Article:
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The Pilates Bookshelf: Curves, Twists and Bends: A Practical Guide to Pilates for Scoliosis

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By Alexa Thorson

Curves, Twists and Bends: A Practical Guide to Pilates for Scoliosis is a useful introduction to the topic from Annette Wellings, a Pilates instructor with major scoliosis, and U.K. master Pilates teacher Alan Herdman. The book is a useful tool for addressing scoliosis through exercise, both for those who have the condition and for Pilates instructors with scoliotic clients. Wellings makes it clear in her introduction that the exercises in this book “are not designed to restructure the curve,” but to enable the spine to be “as healthy and supple as possible.”

Wellings and Herdman have assembled a set of 34 exercises primarily focused on stretching and lengthening, that are appropriate for people with symptoms ranging from mild to severe scoliosis, and even for the general population. I often incorporate similar exercises in my mat classes to warm people up before harder Pilates choreography. This book does not address Pilates equipment or even the classic Pilates mat choreography.

Curves, Twists and Bends is structured in three parts. The first, called  ‘Understanding and Awareness’ is a straightforward, uncomplicated overview of the condition of scoliosis, and a discussion of curve patterns, with an explanation of how to identify different types of scoliotic curves, complete with drawings. It even includes a section on “the psychology of scoliosis.”

The second, called ‘Exercises for Flexibility and Posture’ establishes a set of exercise principles that Pilates instructors will find familiar, such as pelvic stability, balancing dominant and weak sides of the body, and de-rotation of the pelvis, ribs and spine. The exercises are very basic and are probably most useful for people new to Pilates. Instructors also might find the presentation toward scoliosis useful. Under the heading “Watch Points,” Wellings offers suggestions for effectively performing the exercises on one’s own, which is helpful. From my own experience with mild scoliosis, it is sometimes hard to know without an outside eye if I am unwittingly twisting or rotating in my dominant pattern of movement. These “Watch Points” would make great cues for working with clients. Also, she specifies safety precautions if the reader has certain injuries or has a spinal fusion.

There is definitely room for improvement in terms of the exercise illustrations. The exercises are illustrated with simple stick figure drawings, with arrows for direction of movement. Because they are so simple, they can be confusing. Photos of people performing the exercises or sketches with more detail (perhaps with the muscle groups clearly delineated) would enhance the exercise section.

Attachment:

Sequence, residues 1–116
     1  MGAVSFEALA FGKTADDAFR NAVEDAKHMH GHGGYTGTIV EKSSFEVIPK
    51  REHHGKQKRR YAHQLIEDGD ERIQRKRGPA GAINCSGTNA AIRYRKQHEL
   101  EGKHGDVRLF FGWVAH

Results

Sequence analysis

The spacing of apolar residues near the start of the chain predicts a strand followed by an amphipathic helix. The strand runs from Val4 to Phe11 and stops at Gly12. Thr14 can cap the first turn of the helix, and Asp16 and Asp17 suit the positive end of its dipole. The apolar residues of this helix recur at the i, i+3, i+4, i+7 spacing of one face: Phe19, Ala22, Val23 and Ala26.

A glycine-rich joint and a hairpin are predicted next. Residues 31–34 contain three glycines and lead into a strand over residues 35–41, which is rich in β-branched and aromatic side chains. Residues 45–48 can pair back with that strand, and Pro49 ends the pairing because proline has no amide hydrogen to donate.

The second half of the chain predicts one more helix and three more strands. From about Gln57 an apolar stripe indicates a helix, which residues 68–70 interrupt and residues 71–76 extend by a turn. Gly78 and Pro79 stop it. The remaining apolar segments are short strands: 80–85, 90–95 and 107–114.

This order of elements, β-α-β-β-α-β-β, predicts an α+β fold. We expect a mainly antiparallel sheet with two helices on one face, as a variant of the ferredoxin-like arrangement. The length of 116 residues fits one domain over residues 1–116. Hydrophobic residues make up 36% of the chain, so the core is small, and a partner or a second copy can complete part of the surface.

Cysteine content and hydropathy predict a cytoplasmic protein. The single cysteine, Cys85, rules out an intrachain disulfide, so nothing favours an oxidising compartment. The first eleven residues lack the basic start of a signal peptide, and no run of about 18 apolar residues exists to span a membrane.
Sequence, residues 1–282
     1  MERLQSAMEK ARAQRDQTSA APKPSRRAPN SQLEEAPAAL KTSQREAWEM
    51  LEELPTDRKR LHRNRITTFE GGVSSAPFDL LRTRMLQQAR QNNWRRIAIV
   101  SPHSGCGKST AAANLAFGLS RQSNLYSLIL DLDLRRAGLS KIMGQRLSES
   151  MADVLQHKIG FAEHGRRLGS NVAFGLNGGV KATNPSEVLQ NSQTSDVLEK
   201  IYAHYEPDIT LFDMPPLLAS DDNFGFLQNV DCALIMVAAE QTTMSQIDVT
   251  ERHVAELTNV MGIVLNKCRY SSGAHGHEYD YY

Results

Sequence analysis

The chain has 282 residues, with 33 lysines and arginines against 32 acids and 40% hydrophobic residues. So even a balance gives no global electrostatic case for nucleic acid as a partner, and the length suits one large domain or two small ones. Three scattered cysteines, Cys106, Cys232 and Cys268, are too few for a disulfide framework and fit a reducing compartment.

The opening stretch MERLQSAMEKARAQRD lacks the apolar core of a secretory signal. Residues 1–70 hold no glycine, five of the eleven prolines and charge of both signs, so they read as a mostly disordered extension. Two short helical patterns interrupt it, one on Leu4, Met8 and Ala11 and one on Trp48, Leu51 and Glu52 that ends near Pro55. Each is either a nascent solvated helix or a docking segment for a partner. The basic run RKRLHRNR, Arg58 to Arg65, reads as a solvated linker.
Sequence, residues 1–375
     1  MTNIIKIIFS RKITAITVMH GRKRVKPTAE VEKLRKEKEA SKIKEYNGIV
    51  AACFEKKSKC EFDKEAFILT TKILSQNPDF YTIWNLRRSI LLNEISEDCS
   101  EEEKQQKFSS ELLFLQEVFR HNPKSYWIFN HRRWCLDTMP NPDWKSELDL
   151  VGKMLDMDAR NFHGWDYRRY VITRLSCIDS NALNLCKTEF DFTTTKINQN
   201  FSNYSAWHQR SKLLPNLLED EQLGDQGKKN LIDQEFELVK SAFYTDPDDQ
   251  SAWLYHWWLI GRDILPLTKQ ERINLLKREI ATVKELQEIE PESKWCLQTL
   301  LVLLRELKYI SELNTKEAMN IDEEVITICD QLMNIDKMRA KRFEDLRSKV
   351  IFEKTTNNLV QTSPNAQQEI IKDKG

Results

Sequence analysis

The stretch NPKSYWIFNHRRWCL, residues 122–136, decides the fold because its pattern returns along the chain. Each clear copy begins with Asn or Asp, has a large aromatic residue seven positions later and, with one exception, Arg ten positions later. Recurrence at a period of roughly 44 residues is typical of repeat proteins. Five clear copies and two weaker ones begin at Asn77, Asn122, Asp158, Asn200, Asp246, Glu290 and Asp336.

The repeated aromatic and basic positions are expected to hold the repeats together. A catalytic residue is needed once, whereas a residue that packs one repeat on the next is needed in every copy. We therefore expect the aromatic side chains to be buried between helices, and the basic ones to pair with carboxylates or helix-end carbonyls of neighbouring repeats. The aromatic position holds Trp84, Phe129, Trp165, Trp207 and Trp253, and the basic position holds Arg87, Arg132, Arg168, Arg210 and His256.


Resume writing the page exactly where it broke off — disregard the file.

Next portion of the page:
The third part is called ‘Strategies for Living with Scoliosis.’ Here, Wellings makes suggestions about food intake and offers various ways of sleeping, sitting and carrying bags. Some of this will not be new for an already health-conscious person with scoliosis. She also includes fashion tips in the form of a 10-page section on how to dress or not to dress around scoliosis.

Curves, Twists and Bends also includes a section of case studies at the end, which I found very moving. There was a range of personal stories offered, from young adolescents and to older people with scoliosis. Some had been surgically treated and others decided surgery wasn’t best for them. Wellings also shares her own experience of recognizing the onset of her scoliosis. In a sense Curves, Twists and Bends is part of her personal exploration of living with the condition.

Wellings, who worked as a linguist and artist in Australia, sought ways to cope with her severe scoliosis and studied rehabilitation Pilates with Herdman in London. Herdman introduced Pilates to the U.K. in 1970. He trained at the London School of Contemporary Dance and was invited to New York in the 1960s to study Pilates. He has written or co-authored more than five books on the subject, including The Pilates Directory

Alexa Thorson is a Pilates instructor in New York City.
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RELATED ARTICLES
Pilates for Scoliosis
The Pilates Bookshelf: The Anatomy of Pilates
Freeing the Shoulders to Connect to the Core

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Reader Comments (3)

Hi, is there an online/e-line version of the book pls?

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